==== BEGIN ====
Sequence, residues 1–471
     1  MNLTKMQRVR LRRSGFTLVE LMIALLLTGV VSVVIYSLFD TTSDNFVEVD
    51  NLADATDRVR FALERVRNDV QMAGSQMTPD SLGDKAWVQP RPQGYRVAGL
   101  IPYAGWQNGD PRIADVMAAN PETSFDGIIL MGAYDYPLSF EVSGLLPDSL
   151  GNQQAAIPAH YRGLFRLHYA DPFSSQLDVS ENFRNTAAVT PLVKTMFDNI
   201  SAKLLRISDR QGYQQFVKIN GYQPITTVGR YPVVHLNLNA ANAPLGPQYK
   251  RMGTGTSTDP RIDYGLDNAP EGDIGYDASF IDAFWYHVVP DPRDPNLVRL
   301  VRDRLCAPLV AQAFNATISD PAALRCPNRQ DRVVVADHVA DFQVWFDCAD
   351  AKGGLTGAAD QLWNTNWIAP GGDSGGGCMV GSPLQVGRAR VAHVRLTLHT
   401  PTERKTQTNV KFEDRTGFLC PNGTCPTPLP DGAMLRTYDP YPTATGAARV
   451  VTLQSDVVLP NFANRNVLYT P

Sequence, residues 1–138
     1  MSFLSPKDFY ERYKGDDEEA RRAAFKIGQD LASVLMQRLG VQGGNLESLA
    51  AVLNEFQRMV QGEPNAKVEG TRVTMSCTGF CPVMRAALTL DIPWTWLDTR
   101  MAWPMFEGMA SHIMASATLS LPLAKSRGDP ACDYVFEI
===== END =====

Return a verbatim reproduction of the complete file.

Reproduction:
Sequence, residues 1–471
     1  MNLTKMQRVR LRRSGFTLVE LMIALLLTGV VSVVIYSLFD TTSDNFVEVD
    51  NLADATDRVR FALERVRNDV QMAGSQMTPD SLGDKAWVQP RPQGYRVAGL
   101  IPYAGWQNGD PRIADVMAAN PETSFDGIIL MGAYDYPLSF EVSGLLPDSL
   151  GNQQAAIPAH YRGLFRLHYA DPFSSQLDVS ENFRNTAAVT PLVKTMFDNI
   201  SAKLLRISDR QGYQQFVKIN GYQPITTVGR YPVVHLNLNA ANAPLGPQYK
   251  RMGTGTSTDP RIDYGLDNAP EGDIGYDASF IDAFWYHVVP DPRDPNLVRL
   301  VRDRLCAPLV AQAFNATISD PAALRCPNRQ DRVVVADHVA DFQVWFDCAD
   351  AKGGLTGAAD QLWNTNWIAP GGDSGGGCMV GSPLQVGRAR VAHVRLTLHT
   401  PTERKTQTNV KFEDRTGFLC PNGTCPTPLP DGAMLRTYDP YPTATGAARV
   451  VTLQSDVVLP NFANRNVLYT P

Sequence, residues 1–138
     1  MSFLSPKDFY ERYKGDDEEA RRAAFKIGQD LASVLMQRLG VQGGNLESLA
    51  AVLNEFQRMV QGEPNAKVEG TRVTMSCTGF CPVMRAALTL DIPWTWLDTR
   101  MAWPMFEGMA SHIMASATLS LPLAKSRGDP ACDYVFEI